In order to control the accuracy of a preconditioner for an outer iterative process one often involves variable preconditioners. The variability may for instance be due to the use of inner iterations in the construction of the preconditioner. Both the outer and inner iterations may be based on some conjugate gradient type of method, e.g. generalized minimum residual methods.
A background for such methods, including results about their computational complexity and rate of convergence, is given. It is then applied for a variable preconditioner arising for matrices partitioned in two-by-two block form. The matrices can be unsymmetric and also indefinite. The aim is to provide a black-box solver, applicable for all ranges of problem parameters such as coefficient jumps and anisotropy.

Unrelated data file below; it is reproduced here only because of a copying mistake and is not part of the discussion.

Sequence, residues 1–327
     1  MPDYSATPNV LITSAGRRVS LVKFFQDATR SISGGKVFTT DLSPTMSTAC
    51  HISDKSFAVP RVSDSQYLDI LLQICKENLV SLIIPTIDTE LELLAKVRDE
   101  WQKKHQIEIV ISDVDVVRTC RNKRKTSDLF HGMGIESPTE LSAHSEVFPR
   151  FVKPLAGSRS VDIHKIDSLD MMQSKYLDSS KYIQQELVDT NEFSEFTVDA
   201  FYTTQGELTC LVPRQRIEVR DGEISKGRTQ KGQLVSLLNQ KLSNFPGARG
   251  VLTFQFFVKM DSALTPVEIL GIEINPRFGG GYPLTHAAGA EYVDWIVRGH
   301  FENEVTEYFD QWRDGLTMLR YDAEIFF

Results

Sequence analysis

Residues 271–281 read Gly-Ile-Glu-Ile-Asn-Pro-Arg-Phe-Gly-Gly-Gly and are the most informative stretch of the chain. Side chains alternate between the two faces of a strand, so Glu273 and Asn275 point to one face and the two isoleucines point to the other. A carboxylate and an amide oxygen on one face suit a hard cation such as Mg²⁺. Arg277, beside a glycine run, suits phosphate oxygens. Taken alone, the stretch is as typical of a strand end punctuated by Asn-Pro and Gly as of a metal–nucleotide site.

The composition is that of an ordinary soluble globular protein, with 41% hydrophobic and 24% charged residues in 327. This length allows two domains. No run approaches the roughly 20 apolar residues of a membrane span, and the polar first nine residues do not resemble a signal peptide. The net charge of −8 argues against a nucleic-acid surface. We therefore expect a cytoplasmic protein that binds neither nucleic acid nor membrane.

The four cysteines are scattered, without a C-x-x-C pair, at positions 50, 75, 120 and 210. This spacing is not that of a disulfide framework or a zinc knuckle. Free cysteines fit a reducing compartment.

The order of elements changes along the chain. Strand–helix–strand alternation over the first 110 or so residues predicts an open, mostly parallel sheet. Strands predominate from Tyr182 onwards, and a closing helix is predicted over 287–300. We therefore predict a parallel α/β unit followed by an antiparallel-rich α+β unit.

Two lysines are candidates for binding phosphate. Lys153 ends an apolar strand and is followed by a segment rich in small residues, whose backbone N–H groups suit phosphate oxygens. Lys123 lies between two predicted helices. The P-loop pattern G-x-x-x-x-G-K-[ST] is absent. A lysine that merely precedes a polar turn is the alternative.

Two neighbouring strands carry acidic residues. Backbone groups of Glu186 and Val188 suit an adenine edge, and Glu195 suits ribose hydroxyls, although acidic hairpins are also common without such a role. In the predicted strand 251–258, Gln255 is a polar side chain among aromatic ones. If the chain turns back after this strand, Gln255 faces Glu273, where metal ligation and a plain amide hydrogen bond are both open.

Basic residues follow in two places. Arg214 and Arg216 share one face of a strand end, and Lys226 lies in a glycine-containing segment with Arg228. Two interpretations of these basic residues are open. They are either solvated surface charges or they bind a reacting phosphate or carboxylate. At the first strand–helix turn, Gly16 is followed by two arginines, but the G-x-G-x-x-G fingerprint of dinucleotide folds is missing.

When applying this approach for elliptic boundary value problems, in order to achieve the latter aim, it turns out to be efficient to use local element approximations of arising block matrices as preconditioners for the inner iterations.
It is illustrated by numerical examples how the convergence rate of the inner-outer iteration method approaches that for the more expensive fixed preconditioner when the accuracies of the inner iterations increase.
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